We were about to step around an assemblage of cowboy boots when we saw, hovering like a vision in the air above us, the holy grail of punk-rock leather vests.
Making our way over, we were about to step around an assemblage of cowboy boots when we saw, hovering like a vision in the air above us, the holy grail of punk-rock leather vests. With dozens of metallic spikes covering most of its jet-black material, it looked old, worn, and almost antique. An employee told us that it was an authentic piece from the ’70s, and I could only stare up and wonder about the wild nights it had survived and the legendary stories it could tell.
I reached up to check the price tag. And folks, this vest can be yours for the low, low price of $1,800. I kept browsing.
As captivated as I am by Search and Destroy, the truth is that an environment like this would have been unbearable to my former self. I didn’t exactly grow up as a bold, daring kid. I was afraid of loud noises, developed separation anxiety from my parents, and briefly went to therapy for some nervous OCD habits. By the time I reached high school, I was still totally risk-averse: Riding a roller coaster was my idea of “going totally wild.”
Then I attended my first rock show. As I strode through clouds of weed smoke, felt the ecstatic rush of the mosh pit, and almost got tipped over in a Porta-Potty by drunken strangers, I realized that this was it, this was me pushing myself to the brink of the safe and the familiar.
And to my surprise, I loved it. It felt good to shout Avenged Sevenfold lyrics at the sky and brave the night’s wild unpredictability. Maybe, I told myself, I was inching closer to an edgier existence, one in which I didn’t feel so intimidated by the world around me.
Over the years, I took more steps in that direction, even going so far as skydiving, which made roller coasters seem quaint. But I always feared that becoming an “adult” in the “real world” would mean losing what little edge I had gained, that a 9-to-5 job would block me from novelty and adventure until an unremarkable death predictably capped off an unbearably vanilla life.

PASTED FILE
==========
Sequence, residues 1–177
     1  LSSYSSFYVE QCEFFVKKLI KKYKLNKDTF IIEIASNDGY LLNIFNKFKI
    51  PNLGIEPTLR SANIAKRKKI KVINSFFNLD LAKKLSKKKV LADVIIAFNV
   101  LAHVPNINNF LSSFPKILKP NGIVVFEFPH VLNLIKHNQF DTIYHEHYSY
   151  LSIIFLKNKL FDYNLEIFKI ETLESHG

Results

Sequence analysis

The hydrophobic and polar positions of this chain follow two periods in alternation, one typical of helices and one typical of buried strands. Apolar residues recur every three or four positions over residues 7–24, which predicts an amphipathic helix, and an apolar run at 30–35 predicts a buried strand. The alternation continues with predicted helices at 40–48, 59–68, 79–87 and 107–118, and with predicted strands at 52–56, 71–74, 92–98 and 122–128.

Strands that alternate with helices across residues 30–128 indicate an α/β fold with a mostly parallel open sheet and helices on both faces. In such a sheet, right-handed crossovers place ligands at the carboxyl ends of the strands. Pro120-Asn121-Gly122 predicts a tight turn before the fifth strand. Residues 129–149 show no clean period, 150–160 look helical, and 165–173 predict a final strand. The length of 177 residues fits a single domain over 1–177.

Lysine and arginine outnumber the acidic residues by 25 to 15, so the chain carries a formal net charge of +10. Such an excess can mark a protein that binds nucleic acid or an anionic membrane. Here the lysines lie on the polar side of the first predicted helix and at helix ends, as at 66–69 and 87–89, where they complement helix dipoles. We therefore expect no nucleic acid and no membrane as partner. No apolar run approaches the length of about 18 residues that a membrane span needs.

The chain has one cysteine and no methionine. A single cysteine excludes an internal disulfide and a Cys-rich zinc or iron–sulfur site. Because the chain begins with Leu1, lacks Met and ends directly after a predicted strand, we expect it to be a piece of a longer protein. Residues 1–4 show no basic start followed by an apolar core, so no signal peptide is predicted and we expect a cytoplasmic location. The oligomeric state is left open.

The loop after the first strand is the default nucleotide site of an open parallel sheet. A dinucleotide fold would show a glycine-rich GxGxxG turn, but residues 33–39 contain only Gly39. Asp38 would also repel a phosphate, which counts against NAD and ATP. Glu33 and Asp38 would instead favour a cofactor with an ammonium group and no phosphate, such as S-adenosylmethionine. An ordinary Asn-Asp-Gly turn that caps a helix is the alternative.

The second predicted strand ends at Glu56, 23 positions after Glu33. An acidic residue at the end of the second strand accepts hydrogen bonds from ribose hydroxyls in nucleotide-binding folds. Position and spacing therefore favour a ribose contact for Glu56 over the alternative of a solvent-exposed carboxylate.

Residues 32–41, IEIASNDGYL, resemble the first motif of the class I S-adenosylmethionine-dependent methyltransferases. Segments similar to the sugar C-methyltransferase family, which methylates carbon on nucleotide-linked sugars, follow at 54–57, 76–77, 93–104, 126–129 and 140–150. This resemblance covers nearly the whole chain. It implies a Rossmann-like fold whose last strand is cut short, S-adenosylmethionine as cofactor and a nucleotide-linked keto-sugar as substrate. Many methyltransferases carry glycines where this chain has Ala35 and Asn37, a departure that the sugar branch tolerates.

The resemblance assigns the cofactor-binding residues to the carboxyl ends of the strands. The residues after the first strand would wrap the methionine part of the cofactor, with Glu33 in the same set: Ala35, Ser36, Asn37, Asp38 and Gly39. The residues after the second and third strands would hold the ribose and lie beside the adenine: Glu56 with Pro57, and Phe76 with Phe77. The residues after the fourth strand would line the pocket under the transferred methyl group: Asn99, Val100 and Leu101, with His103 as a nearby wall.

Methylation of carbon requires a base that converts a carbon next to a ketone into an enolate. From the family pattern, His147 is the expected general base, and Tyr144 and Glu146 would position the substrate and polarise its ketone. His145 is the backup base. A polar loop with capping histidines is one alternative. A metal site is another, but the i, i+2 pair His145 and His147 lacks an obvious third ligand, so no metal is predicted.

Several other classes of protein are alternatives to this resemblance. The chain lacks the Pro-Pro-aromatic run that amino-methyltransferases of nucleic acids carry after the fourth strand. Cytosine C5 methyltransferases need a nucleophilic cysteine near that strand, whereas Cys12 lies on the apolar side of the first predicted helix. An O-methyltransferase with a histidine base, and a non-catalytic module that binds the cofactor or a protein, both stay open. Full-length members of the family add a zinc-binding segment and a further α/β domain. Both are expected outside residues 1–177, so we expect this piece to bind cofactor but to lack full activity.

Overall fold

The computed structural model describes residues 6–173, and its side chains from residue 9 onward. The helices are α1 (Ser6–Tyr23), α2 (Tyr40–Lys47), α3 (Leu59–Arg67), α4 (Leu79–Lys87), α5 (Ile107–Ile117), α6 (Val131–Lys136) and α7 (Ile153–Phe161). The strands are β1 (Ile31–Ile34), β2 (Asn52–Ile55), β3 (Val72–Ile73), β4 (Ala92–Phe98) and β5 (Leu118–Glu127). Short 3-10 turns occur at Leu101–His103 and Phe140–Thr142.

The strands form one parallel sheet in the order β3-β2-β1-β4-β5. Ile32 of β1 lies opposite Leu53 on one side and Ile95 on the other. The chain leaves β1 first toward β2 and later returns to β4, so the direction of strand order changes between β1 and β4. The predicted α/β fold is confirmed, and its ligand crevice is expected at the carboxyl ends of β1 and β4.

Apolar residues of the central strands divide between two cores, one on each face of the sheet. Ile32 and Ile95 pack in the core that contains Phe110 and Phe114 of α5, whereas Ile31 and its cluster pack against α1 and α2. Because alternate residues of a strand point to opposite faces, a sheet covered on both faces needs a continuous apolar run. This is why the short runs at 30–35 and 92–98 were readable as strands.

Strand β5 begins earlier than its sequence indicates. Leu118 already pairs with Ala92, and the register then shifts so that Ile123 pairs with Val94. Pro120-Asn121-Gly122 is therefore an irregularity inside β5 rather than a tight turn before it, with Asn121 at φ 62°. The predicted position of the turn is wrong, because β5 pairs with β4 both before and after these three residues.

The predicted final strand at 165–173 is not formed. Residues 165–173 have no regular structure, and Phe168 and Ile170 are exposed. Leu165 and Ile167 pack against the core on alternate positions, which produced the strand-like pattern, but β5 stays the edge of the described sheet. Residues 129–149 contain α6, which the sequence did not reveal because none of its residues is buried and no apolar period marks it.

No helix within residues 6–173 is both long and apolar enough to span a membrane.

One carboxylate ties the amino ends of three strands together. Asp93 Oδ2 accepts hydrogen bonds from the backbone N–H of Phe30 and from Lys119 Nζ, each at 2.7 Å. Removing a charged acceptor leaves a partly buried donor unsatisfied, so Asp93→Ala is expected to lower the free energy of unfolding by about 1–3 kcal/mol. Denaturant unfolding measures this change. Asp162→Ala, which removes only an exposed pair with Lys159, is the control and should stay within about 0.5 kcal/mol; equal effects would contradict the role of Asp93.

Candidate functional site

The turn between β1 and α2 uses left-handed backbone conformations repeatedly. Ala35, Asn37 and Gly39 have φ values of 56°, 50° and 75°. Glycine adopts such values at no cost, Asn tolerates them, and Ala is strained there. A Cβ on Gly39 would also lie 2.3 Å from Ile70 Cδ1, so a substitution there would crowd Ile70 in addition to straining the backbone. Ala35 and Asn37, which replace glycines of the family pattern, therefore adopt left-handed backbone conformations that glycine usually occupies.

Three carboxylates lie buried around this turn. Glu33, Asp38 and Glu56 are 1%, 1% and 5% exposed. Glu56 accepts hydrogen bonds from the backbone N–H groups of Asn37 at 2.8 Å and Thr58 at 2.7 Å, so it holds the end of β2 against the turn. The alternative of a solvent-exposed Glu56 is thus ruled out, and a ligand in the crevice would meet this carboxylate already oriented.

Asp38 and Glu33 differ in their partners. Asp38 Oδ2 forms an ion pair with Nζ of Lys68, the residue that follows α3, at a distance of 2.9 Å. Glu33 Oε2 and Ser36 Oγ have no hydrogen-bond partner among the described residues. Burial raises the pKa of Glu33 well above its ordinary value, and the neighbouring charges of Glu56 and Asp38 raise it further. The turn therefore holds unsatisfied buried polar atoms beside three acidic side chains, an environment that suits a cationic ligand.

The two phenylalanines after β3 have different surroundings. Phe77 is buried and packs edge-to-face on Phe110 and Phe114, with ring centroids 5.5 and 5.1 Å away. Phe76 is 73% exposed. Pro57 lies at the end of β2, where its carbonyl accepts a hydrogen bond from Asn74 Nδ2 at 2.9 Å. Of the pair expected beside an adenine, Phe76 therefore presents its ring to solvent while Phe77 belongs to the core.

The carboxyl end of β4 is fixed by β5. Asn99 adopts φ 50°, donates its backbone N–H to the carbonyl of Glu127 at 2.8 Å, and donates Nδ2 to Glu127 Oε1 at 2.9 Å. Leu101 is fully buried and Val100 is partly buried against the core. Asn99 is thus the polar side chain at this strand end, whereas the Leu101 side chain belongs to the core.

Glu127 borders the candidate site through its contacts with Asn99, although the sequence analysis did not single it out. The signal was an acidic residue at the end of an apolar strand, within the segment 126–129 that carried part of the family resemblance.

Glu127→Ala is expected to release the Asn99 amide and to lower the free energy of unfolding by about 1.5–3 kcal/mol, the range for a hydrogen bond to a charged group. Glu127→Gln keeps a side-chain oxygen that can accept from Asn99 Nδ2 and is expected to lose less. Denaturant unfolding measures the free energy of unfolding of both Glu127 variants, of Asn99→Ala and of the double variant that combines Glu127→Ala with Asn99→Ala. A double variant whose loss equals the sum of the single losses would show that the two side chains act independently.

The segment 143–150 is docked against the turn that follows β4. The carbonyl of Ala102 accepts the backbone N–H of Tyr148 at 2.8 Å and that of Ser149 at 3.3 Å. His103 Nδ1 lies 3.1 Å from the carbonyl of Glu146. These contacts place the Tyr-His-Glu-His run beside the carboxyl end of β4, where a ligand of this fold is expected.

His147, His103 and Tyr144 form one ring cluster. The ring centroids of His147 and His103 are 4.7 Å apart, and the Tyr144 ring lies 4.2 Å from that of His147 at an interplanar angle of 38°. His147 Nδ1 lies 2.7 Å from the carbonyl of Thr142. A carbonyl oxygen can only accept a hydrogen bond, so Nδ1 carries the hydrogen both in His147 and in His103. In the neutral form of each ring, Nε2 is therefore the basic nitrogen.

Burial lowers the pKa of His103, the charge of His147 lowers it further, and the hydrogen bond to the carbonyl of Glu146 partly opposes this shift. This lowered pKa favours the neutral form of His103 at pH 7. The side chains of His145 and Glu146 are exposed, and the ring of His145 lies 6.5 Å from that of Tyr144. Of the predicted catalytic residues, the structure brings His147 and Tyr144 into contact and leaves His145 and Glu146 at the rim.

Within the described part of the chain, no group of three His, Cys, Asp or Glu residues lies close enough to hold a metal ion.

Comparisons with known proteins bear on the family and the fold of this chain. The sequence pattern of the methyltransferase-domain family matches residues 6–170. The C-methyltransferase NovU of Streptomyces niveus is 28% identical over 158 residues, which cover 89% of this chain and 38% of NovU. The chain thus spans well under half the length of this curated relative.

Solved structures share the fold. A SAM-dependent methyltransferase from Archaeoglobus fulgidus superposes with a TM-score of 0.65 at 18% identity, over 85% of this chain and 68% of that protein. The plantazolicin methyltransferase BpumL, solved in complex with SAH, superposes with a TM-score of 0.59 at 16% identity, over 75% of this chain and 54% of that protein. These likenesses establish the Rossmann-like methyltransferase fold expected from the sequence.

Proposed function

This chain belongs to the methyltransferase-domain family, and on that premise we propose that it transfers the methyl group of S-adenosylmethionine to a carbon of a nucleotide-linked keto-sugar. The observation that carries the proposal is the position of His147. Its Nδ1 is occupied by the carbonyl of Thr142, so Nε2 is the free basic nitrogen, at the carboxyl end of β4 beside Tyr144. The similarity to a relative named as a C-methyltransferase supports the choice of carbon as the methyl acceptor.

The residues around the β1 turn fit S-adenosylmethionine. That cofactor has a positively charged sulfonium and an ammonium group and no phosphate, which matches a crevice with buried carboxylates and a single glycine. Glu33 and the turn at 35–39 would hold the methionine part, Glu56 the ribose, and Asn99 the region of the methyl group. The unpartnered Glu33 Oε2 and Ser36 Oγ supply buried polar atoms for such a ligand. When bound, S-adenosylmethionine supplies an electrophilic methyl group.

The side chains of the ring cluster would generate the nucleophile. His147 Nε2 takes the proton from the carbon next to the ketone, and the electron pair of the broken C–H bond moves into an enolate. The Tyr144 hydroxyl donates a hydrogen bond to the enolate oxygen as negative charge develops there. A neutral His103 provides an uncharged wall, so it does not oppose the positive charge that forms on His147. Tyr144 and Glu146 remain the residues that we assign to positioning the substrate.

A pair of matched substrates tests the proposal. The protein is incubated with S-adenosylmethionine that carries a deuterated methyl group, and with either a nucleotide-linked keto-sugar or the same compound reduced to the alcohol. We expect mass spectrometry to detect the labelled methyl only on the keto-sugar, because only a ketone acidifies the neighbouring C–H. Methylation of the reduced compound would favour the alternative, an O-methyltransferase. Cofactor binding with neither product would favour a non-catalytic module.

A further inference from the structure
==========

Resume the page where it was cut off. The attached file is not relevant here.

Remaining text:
Search and Destroy makes me pretty uncomfortable—in a good way.
Now having somehow found myself an adult, I’m grateful for Search and Destroy and its dangerous approach to retail. Just as that first rock show did back then, the store makes me pretty uncomfortable—in a good way. As a signifier of the violent, sexually deviant subconscious of New York City, it shakes me out of my routine and reminds me that life can be so much more exciting if I wade into its strangeness.
As I’ve grown more comfortable, I need that crucial reminder. So does St. Mark’s, to be honest. Hell, we all do. And if we’re willing to try that audacity on for size, we might each emerge as the more worldly, open-minded, and self-assured people we know we can be.
Search and Destroy gets its name from the title of a song by legendary proto-punks Iggy and the Stooges. As I exit the store and step into the New York City night, I raise my chin high, keep my voice low, and sing, “I’m a street-walking cheetah with a heart full of napalm….” I may be one of the few people left on St. Mark’s singing, but even as the neighborhood changes, the song remains the same.
Jeremy Price is a Brooklyn-based journalist and the associate editor at the Next Big Idea Club, powered by Heleo. He is also a workshop leader in the Columbia Publishing Course and a contributor to Vice and Ozy, among other media outlets.